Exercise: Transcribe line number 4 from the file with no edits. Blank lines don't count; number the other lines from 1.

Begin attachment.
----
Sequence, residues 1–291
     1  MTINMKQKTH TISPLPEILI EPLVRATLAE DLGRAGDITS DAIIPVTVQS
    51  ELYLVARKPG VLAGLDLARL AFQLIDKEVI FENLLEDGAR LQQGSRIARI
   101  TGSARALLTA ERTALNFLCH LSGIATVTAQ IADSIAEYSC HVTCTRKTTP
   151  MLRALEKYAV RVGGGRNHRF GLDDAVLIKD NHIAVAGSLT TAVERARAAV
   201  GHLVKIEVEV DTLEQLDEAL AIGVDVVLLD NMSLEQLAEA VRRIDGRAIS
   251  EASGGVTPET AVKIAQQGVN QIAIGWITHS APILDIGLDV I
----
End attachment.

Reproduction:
   101  TGSARALLTA ERTALNFLCH LSGIATVTAQ IADSIAEYSC HVTCTRKTTP